If you don't mind, I'm going to hijack this thread with my experience to see if I can learn anything from you experts. I have tried JBP, Chinese Elm, Trident Maple and Zelkova, in that order. I started with a sandy/seed starter mixture (JBP) and some un-strained top soil and some seed starter for the elm (I split the elm between the mixture and the top soil). They are sitting on germination mats with a grow light close overhead. The maple and zelkova are now in the fridge for 90 days. So far, NOTHING! It appears something will sprout from a grain of sand before the seeds do. This is my first pass at trying to grow from seed. I'm probably watering every other day. Do any of you germination experts have thoughts, good or bad, about my techniques? I know I said on a previous posting on the forum I liked to concentrate on the process.....I'm going crazy with this process! I keep reading postings that are like "I just threw some seeds out in the back yard and they grew". Should I expect to be watering the JBP and elms for 6 months? Help!
 

cbroad

Omono
Messages
1,136
Reaction score
1,070
Location
Richmond, VA
USDA Zone
7a
@ohiogrown
Honestly, to illuminate enough area to hold 1500 seedlings you'd have to have a regular t12 or t8 fluorescent fixture so high up that the amount of light reaching the plants would be very weak. Those could work if you have a lot of room to set up multiple tables and lights.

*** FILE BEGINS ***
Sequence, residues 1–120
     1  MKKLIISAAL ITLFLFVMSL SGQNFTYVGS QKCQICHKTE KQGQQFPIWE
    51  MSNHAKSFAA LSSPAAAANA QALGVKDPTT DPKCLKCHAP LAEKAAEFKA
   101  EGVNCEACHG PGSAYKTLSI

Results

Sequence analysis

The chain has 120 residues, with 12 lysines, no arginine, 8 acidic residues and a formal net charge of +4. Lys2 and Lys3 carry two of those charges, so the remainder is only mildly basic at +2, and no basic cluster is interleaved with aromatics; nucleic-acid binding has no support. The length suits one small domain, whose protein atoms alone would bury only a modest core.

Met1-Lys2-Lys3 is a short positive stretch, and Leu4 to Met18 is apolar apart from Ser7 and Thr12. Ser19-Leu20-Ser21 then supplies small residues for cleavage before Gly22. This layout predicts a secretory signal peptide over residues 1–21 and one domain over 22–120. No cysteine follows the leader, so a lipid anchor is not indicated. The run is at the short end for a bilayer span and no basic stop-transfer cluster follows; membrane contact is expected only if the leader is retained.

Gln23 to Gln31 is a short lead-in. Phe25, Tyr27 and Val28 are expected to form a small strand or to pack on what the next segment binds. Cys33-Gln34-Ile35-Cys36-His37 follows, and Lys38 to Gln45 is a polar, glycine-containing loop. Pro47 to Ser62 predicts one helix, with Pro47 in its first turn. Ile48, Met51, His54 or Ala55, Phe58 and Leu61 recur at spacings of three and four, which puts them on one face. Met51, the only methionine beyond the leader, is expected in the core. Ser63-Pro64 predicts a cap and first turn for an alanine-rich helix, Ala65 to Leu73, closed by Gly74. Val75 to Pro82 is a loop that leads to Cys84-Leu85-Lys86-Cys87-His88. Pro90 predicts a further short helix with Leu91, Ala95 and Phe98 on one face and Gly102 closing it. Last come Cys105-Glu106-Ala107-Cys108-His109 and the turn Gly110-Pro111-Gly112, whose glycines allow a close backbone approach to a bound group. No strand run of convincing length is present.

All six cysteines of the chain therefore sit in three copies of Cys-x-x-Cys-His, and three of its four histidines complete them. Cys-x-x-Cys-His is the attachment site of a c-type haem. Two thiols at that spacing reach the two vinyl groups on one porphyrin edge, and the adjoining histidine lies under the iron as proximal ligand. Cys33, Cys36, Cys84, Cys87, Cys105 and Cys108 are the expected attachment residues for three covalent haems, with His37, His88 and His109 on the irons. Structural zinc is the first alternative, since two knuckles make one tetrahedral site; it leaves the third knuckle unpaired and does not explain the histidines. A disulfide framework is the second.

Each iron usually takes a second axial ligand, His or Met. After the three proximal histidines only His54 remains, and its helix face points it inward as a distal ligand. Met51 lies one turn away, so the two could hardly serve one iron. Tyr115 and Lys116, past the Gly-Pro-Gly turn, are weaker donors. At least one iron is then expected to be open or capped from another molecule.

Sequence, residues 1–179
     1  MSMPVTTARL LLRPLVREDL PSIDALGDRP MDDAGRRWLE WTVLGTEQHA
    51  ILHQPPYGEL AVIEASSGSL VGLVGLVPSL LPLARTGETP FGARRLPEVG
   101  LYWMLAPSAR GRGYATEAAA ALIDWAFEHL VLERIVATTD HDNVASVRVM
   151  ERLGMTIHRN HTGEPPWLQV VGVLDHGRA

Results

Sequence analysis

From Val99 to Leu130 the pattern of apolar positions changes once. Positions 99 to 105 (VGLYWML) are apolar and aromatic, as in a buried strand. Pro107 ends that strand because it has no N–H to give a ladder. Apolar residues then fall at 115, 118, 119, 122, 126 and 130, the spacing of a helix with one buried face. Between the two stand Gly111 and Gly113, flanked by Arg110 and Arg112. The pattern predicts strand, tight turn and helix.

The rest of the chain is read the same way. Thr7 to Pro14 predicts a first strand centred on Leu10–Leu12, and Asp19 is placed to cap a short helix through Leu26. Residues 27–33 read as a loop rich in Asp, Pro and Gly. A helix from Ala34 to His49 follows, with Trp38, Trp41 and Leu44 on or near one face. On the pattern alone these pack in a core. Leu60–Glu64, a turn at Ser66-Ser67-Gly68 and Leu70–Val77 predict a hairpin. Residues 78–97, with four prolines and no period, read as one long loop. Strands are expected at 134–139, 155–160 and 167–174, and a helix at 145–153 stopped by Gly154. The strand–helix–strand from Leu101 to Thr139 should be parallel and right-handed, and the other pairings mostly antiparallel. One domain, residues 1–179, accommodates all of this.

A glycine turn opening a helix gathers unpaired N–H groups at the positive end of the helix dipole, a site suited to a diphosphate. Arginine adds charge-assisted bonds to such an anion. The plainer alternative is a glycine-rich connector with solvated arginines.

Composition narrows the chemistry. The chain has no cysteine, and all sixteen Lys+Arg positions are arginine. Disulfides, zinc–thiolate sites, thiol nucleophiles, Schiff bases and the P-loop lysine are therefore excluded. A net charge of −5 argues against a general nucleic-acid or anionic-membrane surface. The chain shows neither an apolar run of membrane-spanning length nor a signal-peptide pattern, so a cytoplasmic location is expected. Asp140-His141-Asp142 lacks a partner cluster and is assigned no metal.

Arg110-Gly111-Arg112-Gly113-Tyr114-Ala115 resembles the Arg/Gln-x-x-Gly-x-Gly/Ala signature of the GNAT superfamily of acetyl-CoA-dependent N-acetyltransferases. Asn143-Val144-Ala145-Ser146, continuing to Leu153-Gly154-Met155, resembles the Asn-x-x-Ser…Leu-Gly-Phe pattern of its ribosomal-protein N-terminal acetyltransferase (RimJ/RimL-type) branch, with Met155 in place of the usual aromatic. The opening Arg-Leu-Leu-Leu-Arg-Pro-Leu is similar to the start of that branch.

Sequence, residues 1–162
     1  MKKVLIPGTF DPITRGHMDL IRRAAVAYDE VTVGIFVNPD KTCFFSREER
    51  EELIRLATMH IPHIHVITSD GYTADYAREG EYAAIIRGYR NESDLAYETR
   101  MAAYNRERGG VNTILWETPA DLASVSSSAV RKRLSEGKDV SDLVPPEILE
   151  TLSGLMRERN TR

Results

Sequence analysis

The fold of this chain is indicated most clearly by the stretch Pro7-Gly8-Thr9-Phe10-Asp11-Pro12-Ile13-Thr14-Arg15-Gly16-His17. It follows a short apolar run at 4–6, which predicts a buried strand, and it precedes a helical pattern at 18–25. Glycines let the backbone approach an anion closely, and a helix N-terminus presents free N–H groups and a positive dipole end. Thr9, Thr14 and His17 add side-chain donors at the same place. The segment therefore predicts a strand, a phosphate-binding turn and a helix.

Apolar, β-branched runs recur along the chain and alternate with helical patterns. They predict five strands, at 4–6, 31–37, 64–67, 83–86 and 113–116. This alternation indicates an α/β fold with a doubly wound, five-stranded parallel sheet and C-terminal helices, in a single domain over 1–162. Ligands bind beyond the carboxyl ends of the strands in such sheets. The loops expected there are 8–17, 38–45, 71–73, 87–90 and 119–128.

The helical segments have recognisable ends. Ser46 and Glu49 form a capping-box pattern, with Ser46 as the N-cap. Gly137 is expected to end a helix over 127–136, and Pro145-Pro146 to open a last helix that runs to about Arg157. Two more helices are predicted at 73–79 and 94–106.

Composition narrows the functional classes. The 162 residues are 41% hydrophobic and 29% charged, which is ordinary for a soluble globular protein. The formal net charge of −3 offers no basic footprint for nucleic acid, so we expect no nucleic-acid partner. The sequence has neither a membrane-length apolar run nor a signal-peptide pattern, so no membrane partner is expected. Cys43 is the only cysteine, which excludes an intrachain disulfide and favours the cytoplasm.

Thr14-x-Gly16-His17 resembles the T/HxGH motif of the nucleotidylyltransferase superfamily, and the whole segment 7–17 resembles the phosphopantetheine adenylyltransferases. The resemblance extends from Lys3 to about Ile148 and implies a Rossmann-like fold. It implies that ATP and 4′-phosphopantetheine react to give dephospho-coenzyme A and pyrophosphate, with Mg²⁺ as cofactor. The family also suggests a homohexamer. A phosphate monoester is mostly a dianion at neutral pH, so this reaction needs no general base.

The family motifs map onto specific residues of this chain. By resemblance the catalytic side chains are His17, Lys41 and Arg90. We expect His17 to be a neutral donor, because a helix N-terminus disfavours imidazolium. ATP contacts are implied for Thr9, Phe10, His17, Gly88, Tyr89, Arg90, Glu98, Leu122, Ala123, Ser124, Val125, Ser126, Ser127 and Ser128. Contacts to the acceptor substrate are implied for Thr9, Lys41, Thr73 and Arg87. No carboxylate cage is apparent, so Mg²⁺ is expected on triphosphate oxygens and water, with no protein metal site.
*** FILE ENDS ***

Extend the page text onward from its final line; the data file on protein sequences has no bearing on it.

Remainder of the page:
@M. Frary's suggestion might be the best alternative, and you could probably find one for around $150-$200. I'm not positive but I think a 400w if ran 16-18 hours a day would be less than $20 a month
 
Last edited:

ohiogrown

Mame
Messages
222
Reaction score
203
Location
Ohio
USDA Zone
5/6
@ohiogrown
Honestly, to illuminate enough area to hold 1500 seedlings you'd have to have a regular t12 or t8 fluorescent fixture so high up that the amount of light reaching the plants would be very weak. Those could work if you have a lot of room to set up multiple tables and lights.

@M. Frary's suggestion might be the best alternative, and you could probably find one for around $150-$200. I'm not positive but I think a 400w if ran 16-18 hours a day would be less than $20 a month
I was kinda planning on using shelving units and some T8s but I guess the 400w is no where near as bad as what I thought someone told me it was. Thanks for the suggestions!
 

JudyB

Queen of the Nuts
Messages
11,609
Reaction score
15,313
Location
South East of Cols. OH
USDA Zone
5b
You can get seedling heat mats for under 20. for a regular flat size. And just use florescent shop lights, make sure that you have a system to keep them close to the new sprouts, then be able to raise them as the sprouts grow.
 

ohiogrown

Mame
Messages
222
Reaction score
203
Location
Ohio
USDA Zone
5/6
You can get seedling heat mats for under 20. for a regular flat size. And just use florescent shop lights, make sure that you have a system to keep them close to the new sprouts, then be able to raise them as the sprouts grow.
Okay that’s what I will do. I just need to buy the heat pads and lights. I can’t wait till spring! Thanks for the suggestions.
 

Similar threads


Top Bottom